A second bill to enact a presumption that COVID illness is industrial has been introduced in California’s legislature.
The bill, SB 1159 (authored by Senator Jerry Hill and co-authored by Assemblyman Tom Daly), would create a rebuttable presumption that for certain “critical workers”, COVID illness or death be deemed industrial. This would apply to critical workers who directly interact with the public during the pandemic.
SB 1159 is clearly a work in progress and will go through further revisions. At the moment it competes with AB 664 which would create a presumption that COVID is industrial for police, fire and certain healthcare workers.
SB 1159 defines “critical worker” as “a public sector or private sector employee who is employed to combat the spread of COVID-19. It is the intent of the Legislature that this group of workers be explicitly identified in order to ensure that they receive all necessary health care through the workers’ compensation system.” This definition does not appear to cover “essential workers'” such as grocery employees, trucker, delivery people, and transit drivers, as they are not employed to combat the spread of the virus. Also, public safety or hospital/clinic workers who do not interact with the public would not be covered under SB 1159.
The current version of SB 1159 contains an undefined sunset provision and a requirement for an undefined amount of lost work time.
My last post, “To Presume or Not Presume, That is the Question”, discussed the recent WCIRB report on the projected costs of a COVID presumption:
In that post, I noted what appeared to me as a rather large discrepancy in cost projections between the WCIRB’s report and those of the State Compensation Insurance Fund. SCIF has announced that they are accepting diagnostically confirmed COVID claims of essential workers during the period of the stay at home order as industrial. SCIF’s press release noted projections of a total of $205 million in costs for this, significantly lower than the huge cost projections tallied by the the WCIRB.
Following my post, SCIF President Vern Steiner reached out to me, offering a clarification on SCIF’s thinking on the matter.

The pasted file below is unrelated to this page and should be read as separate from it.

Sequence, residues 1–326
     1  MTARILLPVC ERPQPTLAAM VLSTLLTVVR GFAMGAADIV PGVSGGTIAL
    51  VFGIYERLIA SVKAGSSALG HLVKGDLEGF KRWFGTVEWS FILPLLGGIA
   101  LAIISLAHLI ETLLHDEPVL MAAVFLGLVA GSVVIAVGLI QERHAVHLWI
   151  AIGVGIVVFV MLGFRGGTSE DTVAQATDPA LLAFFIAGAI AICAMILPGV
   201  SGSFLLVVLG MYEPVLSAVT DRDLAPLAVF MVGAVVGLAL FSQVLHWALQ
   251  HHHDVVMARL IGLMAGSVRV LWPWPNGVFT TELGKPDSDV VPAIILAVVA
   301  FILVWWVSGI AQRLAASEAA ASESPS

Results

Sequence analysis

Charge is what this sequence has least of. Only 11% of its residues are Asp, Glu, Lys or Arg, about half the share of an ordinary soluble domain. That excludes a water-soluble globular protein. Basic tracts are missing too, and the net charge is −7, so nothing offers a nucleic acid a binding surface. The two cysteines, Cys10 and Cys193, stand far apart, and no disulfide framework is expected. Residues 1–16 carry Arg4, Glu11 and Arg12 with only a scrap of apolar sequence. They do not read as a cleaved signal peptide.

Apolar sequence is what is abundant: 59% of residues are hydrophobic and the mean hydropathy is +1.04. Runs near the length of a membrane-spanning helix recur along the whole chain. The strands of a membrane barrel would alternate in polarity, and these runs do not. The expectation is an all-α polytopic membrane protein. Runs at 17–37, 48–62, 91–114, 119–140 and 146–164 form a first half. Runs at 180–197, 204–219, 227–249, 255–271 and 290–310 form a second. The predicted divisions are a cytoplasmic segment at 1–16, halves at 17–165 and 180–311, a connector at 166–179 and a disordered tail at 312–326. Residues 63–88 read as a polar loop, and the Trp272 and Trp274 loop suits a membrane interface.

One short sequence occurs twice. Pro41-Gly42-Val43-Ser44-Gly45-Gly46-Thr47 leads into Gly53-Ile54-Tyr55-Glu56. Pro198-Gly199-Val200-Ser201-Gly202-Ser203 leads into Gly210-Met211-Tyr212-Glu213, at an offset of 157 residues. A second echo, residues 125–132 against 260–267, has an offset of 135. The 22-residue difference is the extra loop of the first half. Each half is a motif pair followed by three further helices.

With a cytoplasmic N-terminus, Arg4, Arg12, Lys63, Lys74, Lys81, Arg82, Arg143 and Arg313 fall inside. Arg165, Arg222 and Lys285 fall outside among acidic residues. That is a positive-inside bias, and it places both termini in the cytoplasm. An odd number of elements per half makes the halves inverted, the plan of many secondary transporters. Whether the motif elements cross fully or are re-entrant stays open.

Here is Steiner’s explanation:
“I saw your most recent blog today and thought I would offer some insight into how State Fund arrived at our estimate of $115M for our decision to treat claims with a positive COVID-19 test from an essential worker as compensable. I don’t expect you to do anything with it I just thought I’d offer you an explanation why our estimate seems to vary so much from the WCIRB’s estimate.
The WCIRB broke the essential workers into two different categories. The category with far greater likelihood of contracting COVID-19 is the category with first responders and medical professionals. Our insured book of business does not include much exposure in this area. In fact we have received 21 claims on our insured book of business so far. More than half of those claims has come from one bankrupt hospital system that came to us in January because of their bankruptcy. The majority of those claims are showing a positive COVID-19 test result. The majority of the other claims we have received are showing a negative test result. Sometimes multiple negative results.
The WCIRB’s estimate was based on a year. Our estimate was based on the period of the shelter-in-place or [email protected] statewide order. We estimated that would be lifted beginning in June. If it is not lifted in June our estimate will go up.
The WCIRB’s estimate was for all system exposure including insured, self-insured and legally uninsured. State Fund represents about 10.5% of the insured exposure. We are not able to extend the same guarantee of compensability to state workers who fall under their legally uninsured program as we do not bear that financial responsibility. If you look at the type of exposure we have in our insured book and understand that it is primarily the WCIRB’s second category of exposure with far lower infection rates and you attribute 7% of the overall exposure to State Fund (I believe the WCIRB estimated $5.2B for this category) our share of the $5.2B becomes $364M. If you then make the assumption we did that the shelter-in-place orders will be lifted after 3 months our exposure decreases to $121M.
We did our analysis before the WCIRB did their analysis and we relied on slightly different data. The big variable is the ultimate infection rate. We seem to have pretty good data on rates of hospitalization for those that test positive (in our under tested environment) and we have good data on ICU, ventilator and death. Of course we have no data about permanent disability and future medical so we had to make some assumptions. It turns out that the WCIRB’s analysis and our own are pretty darn close.
Reading your post I understood how you could raise the question you did. When we announced that we would be accepting these claims we did not want to overstate the financial impact even knowing that any estimate at this point is quite uncertain. We can easily see the exposure to State Fund exceeding $500M if this crisis continues as is for a year – and we are in a position to provide that level of support.
Steiner closed by noting that
“From my point of view as soon as the shelter-in-place orders started differentiating exposure for essential workers and the general population I believed that these claims would be compensable unless there was evidence that the exposure came from a non-work related source. I hope the rest of the insurance and self-insured community see this as well.”
Readers should stay tuned. I’ll be covering the effect of COVID on California workers’ comp, and watching to see how discussions of a COVID presumption develop.
Here is a link to SB 1159:
And here is a link to AB 664: